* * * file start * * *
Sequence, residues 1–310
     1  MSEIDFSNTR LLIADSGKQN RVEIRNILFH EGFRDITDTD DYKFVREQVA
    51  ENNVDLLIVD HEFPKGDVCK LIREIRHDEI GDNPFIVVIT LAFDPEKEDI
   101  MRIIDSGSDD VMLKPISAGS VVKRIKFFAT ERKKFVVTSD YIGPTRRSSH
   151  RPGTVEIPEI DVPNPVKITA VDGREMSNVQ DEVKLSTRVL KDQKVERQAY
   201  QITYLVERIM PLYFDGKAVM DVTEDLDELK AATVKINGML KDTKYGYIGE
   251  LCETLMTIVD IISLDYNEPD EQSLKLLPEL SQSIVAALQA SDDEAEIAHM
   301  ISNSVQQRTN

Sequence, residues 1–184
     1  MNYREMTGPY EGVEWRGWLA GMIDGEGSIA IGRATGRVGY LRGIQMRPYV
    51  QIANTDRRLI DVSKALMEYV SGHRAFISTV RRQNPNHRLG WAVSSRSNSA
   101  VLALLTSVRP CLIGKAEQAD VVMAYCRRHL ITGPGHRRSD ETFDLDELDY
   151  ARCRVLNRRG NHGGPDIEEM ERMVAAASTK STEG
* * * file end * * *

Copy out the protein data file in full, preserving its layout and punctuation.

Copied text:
Sequence, residues 1–310
     1  MSEIDFSNTR LLIADSGKQN RVEIRNILFH EGFRDITDTD DYKFVREQVA
    51  ENNVDLLIVD HEFPKGDVCK LIREIRHDEI GDNPFIVVIT LAFDPEKEDI
   101  MRIIDSGSDD VMLKPISAGS VVKRIKFFAT ERKKFVVTSD YIGPTRRSSH
   151  RPGTVEIPEI DVPNPVKITA VDGREMSNVQ DEVKLSTRVL KDQKVERQAY
   201  QITYLVERIM PLYFDGKAVM DVTEDLDELK AATVKINGML KDTKYGYIGE
   251  LCETLMTIVD IISLDYNEPD EQSLKLLPEL SQSIVAALQA SDDEAEIAHM
   301  ISNSVQQRTN

Sequence, residues 1–184
     1  MNYREMTGPY EGVEWRGWLA GMIDGEGSIA IGRATGRVGY LRGIQMRPYV
    51  QIANTDRRLI DVSKALMEYV SGHRAFISTV RRQNPNHRLG WAVSSRSNSA
   101  VLALLTSVRP CLIGKAEQAD VVMAYCRRHL ITGPGHRRSD ETFDLDELDY
   151  ARCRVLNRRG NHGGPDIEEM ERMVAAASTK STEG